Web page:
Mortality due to Vegetation Fire-Originated PM2.5 Exposure in Europe - Assessment for the Years 2005 and 2008
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CitationKollanus Virpi. Prank Marje. Gens Alexandra. Soares Joana. Vira Julius. Kukkonen Jaakko. Sofiev Mikhail. Salonen Raimo O. Lanki Timo. (2017). Mortality due to Vegetation Fire-Originated PM2.5 Exposure in Europe - Assessment for the Years 2005 and 2008. ENVIRONMENTAL HEALTH PERSPECTIVES, 125 (1) , 30-37. 10.1289/EHP194.
Background: Vegetation fires can release substantial quantities of fine particles (PM2.5), which are harmful to health. The fire smoke may be transported over long distances and can cause adverse health effects over wide areas.
Objective: We aimed to assess annual mortality attributable to short-term exposures to vegetation fire–originated PM2.5 in different regions of Europe.
Methods: PM2.5 emissions from vegetation fires in Europe in 2005 and 2008 were evaluated based on Moderate Resolution Imaging Spectroradiometer (MODIS) satellite data on fire radiative power. Atmospheric transport of the emissions was modeled using the System for Integrated modeLling of Atmospheric coMposition (SILAM) chemical transport model. Mortality impacts were estimated for 27 European countries based on a) modeled daily PM2.5 concentrations and b) population data, both presented in a 50 × 50 km2 spatial grid; c) an exposure–response function for short-term PM2.5 exposure and daily nonaccidental mortality; and d) country-level data for background mortality risk.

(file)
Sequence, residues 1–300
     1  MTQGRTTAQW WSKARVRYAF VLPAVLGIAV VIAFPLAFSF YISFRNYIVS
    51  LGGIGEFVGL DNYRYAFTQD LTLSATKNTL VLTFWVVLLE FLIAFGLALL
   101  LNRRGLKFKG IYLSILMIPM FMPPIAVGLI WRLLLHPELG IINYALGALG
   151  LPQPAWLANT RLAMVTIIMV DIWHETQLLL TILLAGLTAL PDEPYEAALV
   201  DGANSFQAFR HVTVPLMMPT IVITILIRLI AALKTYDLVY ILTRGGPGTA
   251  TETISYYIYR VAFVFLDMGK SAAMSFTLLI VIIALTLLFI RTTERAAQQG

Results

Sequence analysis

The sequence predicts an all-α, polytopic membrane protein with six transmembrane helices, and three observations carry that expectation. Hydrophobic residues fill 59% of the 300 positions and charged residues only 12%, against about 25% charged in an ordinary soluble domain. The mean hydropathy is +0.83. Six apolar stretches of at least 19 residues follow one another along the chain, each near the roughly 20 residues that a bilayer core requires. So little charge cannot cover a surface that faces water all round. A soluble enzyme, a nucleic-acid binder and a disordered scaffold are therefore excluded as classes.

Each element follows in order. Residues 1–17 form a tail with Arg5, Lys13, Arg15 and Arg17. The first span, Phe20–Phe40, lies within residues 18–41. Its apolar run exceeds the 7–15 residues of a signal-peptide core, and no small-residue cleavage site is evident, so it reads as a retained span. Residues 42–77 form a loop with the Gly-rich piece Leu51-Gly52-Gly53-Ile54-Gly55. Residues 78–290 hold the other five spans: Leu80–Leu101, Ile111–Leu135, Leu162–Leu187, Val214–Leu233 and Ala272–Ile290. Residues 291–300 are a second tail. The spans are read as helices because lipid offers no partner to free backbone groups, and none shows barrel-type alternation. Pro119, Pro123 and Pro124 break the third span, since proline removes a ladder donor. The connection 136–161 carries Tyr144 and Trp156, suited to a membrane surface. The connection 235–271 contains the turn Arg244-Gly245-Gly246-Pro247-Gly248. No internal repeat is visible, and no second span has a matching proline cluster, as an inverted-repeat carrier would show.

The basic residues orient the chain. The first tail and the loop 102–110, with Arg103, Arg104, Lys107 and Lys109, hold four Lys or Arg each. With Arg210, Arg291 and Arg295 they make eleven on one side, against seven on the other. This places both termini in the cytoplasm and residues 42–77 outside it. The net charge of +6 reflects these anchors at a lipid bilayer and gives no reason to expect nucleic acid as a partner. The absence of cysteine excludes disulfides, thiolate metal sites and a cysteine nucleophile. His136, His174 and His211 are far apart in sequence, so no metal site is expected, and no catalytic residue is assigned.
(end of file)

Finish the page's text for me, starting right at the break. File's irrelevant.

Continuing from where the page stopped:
Results: In the 27 countries overall, an estimated 1,483 and 1,080 premature deaths were attributable to the vegetation fire–originated PM2.5 in 2005 and 2008, respectively. Estimated impacts were highest in southern and eastern Europe. However, all countries were affected by fire-originated PM2.5, and even the lower concentrations in western and northern Europe contributed substantially (~ 30%) to the overall estimate of attributable mortality.
Conclusions: Our assessment suggests that air pollution caused by PM2.5 released from vegetation fires is a notable risk factor for public health in Europe. Moreover, the risk can be expected to increase in the future as climate change proceeds. This factor should be taken into consideration when evaluating the overall health and socioeconomic impacts of these fires.
Link to the original itemhttp://dx.doi.org/10.1289/EHP194
PublisherNational Institute of Environmental Health Sciences (NIEHS)
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